Anyone in medical school is familiar with the rigors of earning strong grades. But third year grades, which feature prominently in residency applications, are not just objective performance measures. They also include a major subjective component, and so enter the gray area between being graded and being judged. While most medical schools carefully review subjective evaluations for fairness, it’s possible that rubbing one resident or faculty member the wrong way can submarine a student’s chances for a high grade on a rotation. This is compounded by the problem of small sample sizes: An evaluator may only interact with a student for half a day, and sometimes not in any meaningful capacity. Third year involves not only assimilating clinical knowledge, but also navigating personalities and being under a microscope constantly.

3. You’ll never get this training again
Unless you’re going into obstetrics, third year might be the only time you get to deliver a baby. And unless you’re heading toward surgery, you may never suture another wound. (Until years later when you’re in a parking lot and a woman suddenly goes into labor, or on a camping trip when a friend falls and needs stitches.) There’s a huge sense of accomplishment after each rotation, mixed with anxiety – even if you don’t plan to use it again, you have to remember this stuff for the rest of your life.

2. The times nothing can be done
One eye-opening part of third year is seeing what modern medicine can’t do. Doctors can image the body with exquisite resolution and treat cancers using genetically tailored therapy. But even the greatest physician can only watch as an end-stage leukemia patient slowly passes away while on hospice care. Even idealistic students may question whether they can do this every day. And everyone will (hopefully) find a source of stress relief, a safety valve that keeps them going and prevents burnout.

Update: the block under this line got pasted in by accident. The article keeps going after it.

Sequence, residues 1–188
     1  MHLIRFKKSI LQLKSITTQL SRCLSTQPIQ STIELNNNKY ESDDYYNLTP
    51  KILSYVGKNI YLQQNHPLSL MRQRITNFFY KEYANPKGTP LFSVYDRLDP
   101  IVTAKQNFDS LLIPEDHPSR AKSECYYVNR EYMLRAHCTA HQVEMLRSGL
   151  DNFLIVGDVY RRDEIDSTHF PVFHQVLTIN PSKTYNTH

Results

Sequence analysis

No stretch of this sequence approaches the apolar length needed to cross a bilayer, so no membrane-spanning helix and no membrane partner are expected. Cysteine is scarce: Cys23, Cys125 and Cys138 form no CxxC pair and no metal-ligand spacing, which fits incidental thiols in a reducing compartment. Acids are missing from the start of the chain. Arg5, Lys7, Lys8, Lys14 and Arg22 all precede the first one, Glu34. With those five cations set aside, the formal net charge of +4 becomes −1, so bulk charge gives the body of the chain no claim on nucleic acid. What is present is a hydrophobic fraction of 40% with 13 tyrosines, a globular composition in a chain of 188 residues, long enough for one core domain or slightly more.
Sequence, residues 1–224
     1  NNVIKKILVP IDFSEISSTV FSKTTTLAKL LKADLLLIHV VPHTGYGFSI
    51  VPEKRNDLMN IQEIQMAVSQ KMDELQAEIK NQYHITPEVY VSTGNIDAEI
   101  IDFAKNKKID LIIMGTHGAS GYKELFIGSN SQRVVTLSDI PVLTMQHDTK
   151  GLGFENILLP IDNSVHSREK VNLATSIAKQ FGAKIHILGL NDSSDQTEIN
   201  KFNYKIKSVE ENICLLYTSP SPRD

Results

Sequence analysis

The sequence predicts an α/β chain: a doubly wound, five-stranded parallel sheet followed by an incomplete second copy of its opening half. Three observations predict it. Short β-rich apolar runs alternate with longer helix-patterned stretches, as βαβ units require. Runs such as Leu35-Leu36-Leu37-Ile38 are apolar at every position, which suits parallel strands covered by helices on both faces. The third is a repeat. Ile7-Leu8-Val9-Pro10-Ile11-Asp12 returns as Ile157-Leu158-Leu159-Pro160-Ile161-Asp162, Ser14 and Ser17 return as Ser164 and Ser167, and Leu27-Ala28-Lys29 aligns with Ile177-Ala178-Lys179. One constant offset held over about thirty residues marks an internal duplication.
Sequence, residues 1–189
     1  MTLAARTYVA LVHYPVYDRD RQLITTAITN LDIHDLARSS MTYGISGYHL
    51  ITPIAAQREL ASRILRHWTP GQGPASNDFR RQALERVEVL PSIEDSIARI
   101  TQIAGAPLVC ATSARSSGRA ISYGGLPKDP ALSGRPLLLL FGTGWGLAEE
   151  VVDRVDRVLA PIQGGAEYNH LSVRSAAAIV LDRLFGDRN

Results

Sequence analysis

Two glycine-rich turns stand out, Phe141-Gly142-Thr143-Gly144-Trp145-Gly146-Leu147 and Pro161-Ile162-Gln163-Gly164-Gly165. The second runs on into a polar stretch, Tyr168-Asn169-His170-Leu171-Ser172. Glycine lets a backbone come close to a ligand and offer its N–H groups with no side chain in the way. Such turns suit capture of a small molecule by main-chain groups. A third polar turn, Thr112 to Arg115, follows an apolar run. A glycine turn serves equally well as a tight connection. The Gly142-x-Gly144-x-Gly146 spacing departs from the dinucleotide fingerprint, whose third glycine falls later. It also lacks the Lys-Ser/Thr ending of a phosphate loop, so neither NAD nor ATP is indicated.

1. The anticipation
You worked for years to get into medical school, memorized tomes for two long pre-clinical years, made it through Step 1, and now it’s the evening before your first rotation starts. If you get any sleep that night, you’re ahead of the curve. But if you can make it to it, you can make it through it.

Stay tuned for the next two installments in this series, when we’ll count down the most surprising and most rewarding parts of third year. To all the second-year medical students out there: good luck and keep your chin up!

Mihir Gupta is a third-year medical student at Stanford. He grew up in Minnesota and attended Harvard College. Prior to writing for Scope, Mihir served as co-editor in chief of H&P, Stanford medical school’s student journal. 

Photo by Mike Baird

One Response to “ Countdown to clinics: 7 challenges of jumping into third year ”

  1. Prof. WL Heinrichs Says:

    Mihir – good set of training experiences – we made CliniSpace to give pre-clinicians the opportunity to practice those steps w/ virtual patients before actually facing them on their rotations. The hundreds of students who I helped gain the experience of doing a newborn’s delivery would have been much better prepared if they’d done it virtually! We’re working on the ED now–
    Thanks – wlh